Thursday, December 18, 2008

The Kingdom

In United Methodist world, we have a term for our servants who go out on short term mission trips of 5-10 days. We call them Volunteers in Mission. VIM is the shorthand term. (I understand some have suggested that it should really be called Disciples in Mission, but DIM sounds comical, doesn't it?)

I am serving in my Conference as the VIM Coordinator, working with a fabulous team of laity and clergy. One of the people I have met along this journey is a lay person in New York.

We were chatting by email, and he shared that he has been working to bring together a consortium of churches, non-profits, and secular groups to focus upon the significant challenges that youth in their community face. They have a drop out rate of 28%... and all of the attending challenges that go along with that like substance abuse, etc.

He said that getting folks to the table has been the easiest part. Deciding what one aspect of helping youth they will focus upon has proved to be the challenge. In addition, the most difficult folks in this process have been.... the pastors.

I groaned out loud when I read this. It was a forehead smacking moment because sadly, this is pathetically common. In my reply to him I said:

How hard is it to live out Matthew 25, and Luke 4? I wonder what the world would look like if we pastors could let go of visions of building our own small kingdoms and embrace God's big Kingdom? I think the small kingdoms look so attractive,manageable and fun; and there are so many workshops around on how to build them. The big kingdom is so much more mysterious and messy.. and yet.... and yet.... it is God's

Sunday, December 14, 2008

Peace that passes all understsanding

It is nearly time for my children to awake this Sunday morning. I am putting the final touches on my sermon as I go over it this morning. And Ray is in the hospital, receiving IV antibiotics for an infection that could be very harmful. It has been a difficult few days.

I never cease to be amazed at God's grace poured out in the midst of trial. I have seen it in the folks who have helped care for my children, prayed for us, called us, run errands for us. I have thought again about how God promises to care for God's children. I feel very cared for.

When Ray was first diagnosed on Thursday with the possibility of MRSA, which is complicated by his artificial heart valve, I felt on edge and teary for the first 24 hours. That has given way to God's amazing care for us. I feel a certainty in my spirit that everything will be OK. I don't mean that in the platitude sense of the word. I don't mean I am sure "everything will turn out the way I want it to." I mean that no matter what happens, even if "the worst" were to happen, I know God is with me, is with us, and God always provides.

This is how I am defining the peace that passes all understanding. It doesn't preclude other emotions. Mysteriously, this peace permeates all of it, and carries me along.

So today I am looking forward to worship, to pouring my heart out again before God, and to placing myself and those I love into God's tender care yet is an ongoing process.

I love the words from Isaiah 61 this morning:
1. The spirit of the Lord God is upon me,
because the Lord has anointed me;
he has sent me to bring good news to the oppressed,
to bind up the brokenhearted, to proclaim liberty to the captives,
and release to the prisoners;
2. to proclaim the year of the Lord’s favor,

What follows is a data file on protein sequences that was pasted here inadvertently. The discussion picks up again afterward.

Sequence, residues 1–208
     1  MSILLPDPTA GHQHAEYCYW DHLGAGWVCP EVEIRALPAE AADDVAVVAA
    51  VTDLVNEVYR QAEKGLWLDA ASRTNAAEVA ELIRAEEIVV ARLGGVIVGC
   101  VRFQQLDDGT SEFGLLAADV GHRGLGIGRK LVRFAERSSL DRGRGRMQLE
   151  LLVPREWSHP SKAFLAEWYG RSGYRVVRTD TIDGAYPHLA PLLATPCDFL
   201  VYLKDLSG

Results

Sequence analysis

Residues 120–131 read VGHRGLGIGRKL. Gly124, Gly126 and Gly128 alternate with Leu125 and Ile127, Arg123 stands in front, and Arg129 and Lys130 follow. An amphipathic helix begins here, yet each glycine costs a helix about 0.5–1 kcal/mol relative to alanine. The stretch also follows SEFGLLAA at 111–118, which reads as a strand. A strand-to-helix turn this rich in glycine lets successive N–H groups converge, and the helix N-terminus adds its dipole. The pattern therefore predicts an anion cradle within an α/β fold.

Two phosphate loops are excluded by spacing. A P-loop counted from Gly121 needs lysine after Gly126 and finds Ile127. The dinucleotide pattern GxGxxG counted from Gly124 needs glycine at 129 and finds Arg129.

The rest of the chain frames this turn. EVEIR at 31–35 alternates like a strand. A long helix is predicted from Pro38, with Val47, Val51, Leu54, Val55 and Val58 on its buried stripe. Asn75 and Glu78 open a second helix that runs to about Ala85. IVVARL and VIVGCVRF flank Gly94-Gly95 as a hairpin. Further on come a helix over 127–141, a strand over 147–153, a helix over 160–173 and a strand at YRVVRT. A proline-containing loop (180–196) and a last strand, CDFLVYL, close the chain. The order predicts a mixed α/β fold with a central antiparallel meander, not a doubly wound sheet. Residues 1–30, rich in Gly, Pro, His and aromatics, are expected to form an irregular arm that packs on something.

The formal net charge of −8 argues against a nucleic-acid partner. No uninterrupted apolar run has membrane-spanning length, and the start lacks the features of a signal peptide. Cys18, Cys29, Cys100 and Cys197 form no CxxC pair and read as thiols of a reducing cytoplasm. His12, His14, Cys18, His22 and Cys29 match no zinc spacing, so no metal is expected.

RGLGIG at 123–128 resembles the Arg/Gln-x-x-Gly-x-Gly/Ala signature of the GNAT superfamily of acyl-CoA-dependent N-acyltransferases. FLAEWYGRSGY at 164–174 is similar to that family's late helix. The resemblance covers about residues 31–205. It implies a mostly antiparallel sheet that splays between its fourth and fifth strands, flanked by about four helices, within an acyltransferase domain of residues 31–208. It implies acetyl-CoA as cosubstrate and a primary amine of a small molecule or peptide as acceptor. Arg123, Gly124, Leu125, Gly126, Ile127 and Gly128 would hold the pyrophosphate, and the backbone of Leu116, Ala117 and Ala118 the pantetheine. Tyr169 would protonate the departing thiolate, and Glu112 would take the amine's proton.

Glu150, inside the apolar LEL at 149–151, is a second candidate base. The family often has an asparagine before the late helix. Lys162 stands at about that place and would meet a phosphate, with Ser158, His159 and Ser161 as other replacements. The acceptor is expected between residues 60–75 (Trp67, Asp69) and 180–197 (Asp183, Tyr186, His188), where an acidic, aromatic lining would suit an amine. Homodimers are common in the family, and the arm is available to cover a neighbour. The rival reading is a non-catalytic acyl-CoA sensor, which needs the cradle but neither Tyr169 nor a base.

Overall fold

and the day of vengeance of our God;
to comfort all who mourn;
3. to provide for those who mourn in Zion—
to give them a garland instead of ashes,
the oil of gladness instead of mourning,
the mantle of praise instead of a faint spirit.
They will be called oaks of righteousness,
the planting of the Lord, to display his glory...
10. I will greatly rejoice in the Lord,
my whole being shall exult in my God;
for he has clothed me with the garments of salvation,
he has covered me with the robe of righteousness,
as a bridegroom decks himself with a garland,
and as a bride adorns herself with her jewels.
11. For as the earth brings forth its shoots,
and as a garden causes what is sown in it to spring up,
so the Lord God will cause righteousness and praise
to spring up before all the nations.

It makes me want to put on some bright outrageous looking "garments of salvation"

Tuesday, December 02, 2008

Sabbath, Yoga, Advent

Monday is the day I set aside for Sabbath. Despite all of my reading, preaching, and blogging about Sabbath, I am not sure I am doing so well on the sabbath front. I do take the day away from the office, away from email, and focus upon my family and upon caring for myself. But I also end up doing a bunch of household chores that need doing. Some Mondays I find I feel more like I have connected and rested than others.

This week was a special gift. Although Ray was in bed with a migraine, Jacob and I had a great day together. It was one of those magical days where he listened to me almost every time I asked something of him. He put his little hand in mine as we did errands. He snuggled with me. He drew me pictures. He soaked in the time in the library with such pleasure it made my heart warm.

Ray was able to get up and felt well enough for me to make the yoga class I have begun taking on Monday afternoons. It has been a great class for me for two reasons. One is that it is challenging, which I like. The other is that this teacher has a habit of asking us to set an intention for the class in a word or short phrase. It is fascinating to listen to my heart to hear what words emerge. This week I thought of my words from last week: hope, clarity, peace. But every time I returned to these words, they came back as hope, clarity, purpose.

Apparently, I need to spend some reflecting upon purpose. Since Advent is a time for just such a thing, I'll take that as a nudging from the Holy Spirit.